Only 7 kilometres left in Greenway network Pathway construction to wrap up by year’s end
Calgary We’re really excited to be at the finish line of this project.
Calgary’s Rotary/Mattamy Greenway has less than seven kilometres to go until it can claim to be the longest urban pathway and park system in the world.
The Parks Foundation of Calgary’s signature $50-million project links 55 communities, or roughly 400,000 people, to a pedestrian pathway network that encircles the city and has taken more than a decade to complete.
“We’re really excited to be at the finish line of this project,” said Parks Foundation Calgary Executive Director Sheila Taylor.
Construction is expected to begin on the remaining 6.7 kilometres of pathway that will join the northeast and northwest quadrants of the city together in a matter of weeks.
The Greenway features offleash dog parks, family fitness parks, wetland interpretive areas, playgrounds and even a self-serve bike-repair station — in addition to 138 kilometres of walking and cycling paths.
The Park Foundation’s board of governors initially called the idea the Calgary Greenway when planning began in 2008, according to Taylor.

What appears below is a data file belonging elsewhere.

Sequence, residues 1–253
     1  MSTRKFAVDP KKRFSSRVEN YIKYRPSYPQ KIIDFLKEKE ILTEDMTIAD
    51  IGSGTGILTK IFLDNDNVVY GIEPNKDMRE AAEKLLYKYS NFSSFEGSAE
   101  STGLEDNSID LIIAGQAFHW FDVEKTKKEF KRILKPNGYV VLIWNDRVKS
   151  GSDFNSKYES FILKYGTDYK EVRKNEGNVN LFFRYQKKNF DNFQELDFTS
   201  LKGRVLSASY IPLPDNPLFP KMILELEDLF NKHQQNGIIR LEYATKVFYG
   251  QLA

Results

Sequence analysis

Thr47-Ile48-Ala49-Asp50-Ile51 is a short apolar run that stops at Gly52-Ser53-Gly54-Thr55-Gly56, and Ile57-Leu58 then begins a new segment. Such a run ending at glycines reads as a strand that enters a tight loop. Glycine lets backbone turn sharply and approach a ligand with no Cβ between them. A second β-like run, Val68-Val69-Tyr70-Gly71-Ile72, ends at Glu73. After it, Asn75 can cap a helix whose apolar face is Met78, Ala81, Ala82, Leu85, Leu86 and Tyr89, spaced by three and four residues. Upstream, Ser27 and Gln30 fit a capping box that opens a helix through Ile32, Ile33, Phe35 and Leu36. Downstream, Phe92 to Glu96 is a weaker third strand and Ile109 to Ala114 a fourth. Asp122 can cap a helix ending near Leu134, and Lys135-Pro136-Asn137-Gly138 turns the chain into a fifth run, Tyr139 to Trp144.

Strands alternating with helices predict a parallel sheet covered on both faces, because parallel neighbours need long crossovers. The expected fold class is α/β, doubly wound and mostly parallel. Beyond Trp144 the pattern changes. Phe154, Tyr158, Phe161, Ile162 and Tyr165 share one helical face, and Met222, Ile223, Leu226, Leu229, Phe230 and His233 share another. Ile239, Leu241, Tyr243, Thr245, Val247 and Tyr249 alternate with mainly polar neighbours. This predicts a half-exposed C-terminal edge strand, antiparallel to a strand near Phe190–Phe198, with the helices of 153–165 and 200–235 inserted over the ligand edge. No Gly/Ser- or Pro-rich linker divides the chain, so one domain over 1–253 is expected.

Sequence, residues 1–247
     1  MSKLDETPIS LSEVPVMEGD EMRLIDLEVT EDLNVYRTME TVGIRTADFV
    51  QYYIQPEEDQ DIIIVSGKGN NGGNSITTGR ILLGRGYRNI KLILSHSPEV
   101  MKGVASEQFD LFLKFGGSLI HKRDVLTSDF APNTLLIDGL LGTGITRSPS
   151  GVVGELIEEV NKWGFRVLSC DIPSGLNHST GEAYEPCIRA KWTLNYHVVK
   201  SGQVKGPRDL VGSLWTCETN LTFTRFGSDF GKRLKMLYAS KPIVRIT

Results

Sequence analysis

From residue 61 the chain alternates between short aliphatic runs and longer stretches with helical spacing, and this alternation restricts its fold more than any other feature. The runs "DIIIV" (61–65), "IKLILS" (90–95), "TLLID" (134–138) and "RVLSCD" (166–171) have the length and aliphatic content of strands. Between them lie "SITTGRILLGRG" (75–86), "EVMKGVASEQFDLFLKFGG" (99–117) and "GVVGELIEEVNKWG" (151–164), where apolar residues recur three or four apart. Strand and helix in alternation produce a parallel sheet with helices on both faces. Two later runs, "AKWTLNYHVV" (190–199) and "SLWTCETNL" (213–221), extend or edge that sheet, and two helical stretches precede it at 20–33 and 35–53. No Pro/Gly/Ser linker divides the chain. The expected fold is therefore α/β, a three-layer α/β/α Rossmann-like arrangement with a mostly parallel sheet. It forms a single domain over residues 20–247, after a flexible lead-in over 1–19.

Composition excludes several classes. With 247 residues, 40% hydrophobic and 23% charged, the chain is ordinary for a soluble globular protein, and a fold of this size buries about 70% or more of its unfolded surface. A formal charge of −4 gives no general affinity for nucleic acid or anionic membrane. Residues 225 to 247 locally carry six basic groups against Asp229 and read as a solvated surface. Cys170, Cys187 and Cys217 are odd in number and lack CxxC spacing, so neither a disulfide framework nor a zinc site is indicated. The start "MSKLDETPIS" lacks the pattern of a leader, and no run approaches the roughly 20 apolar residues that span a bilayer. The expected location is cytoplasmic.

She said the first phase of the massive project began in October 2009 and connected McKnight Boulevard NE to 16th Avenue NE. That 13-kilometre stretch was officially opened in July 2011, but an important feature, the Arc Resources Interpretive Wetlands in Monterey Park, opened a year earlier.
Taylor said the second phase, which took two years and connected southeast communities, started in May 2013.
The final phase of the network began in September 2015 and connected the remaining sections of pathway from Deerfoot Trail in the northeast to Fish Creek Park in the Southwest.
“It all joins together in a network that’s over 1,000 kilometres of pathway,” Taylor told Metro. “It encircles the city, but also brings us together.”
Two other popular features, the Jim Davidson Bark and Play Off-Leash Park in Auburn Bay and Progress Energy Memorial Garden in Signal Hill, opened in September 2016.
In June, plans were announced for a park in memory of CalgaryGreenway MLA Manmeet Singh Bhullar, who died in 2015. That space in Taradale is expected to be completed in 2018.
A tournament-grade, 18-hole disc golf course is also being constructed in Royal Vista and should be open by October.
Rob “Frisbee Rob” McLeod, a disc-golf ambassador and motivational speaker, said the new infrastructure is highly anticipated.
“It’s huge,” McLeod told Metro. “Typically a course is designed in an existing park, and that’s what’s different about this course.
“Instead of looking at what’s there, it was like, ‘Here’s the land we have, what can we do with it?”
A couple naps alongside the Bow Rover near Angel’s Cafe on the Rotary-Mattamy Greenway in Calgary.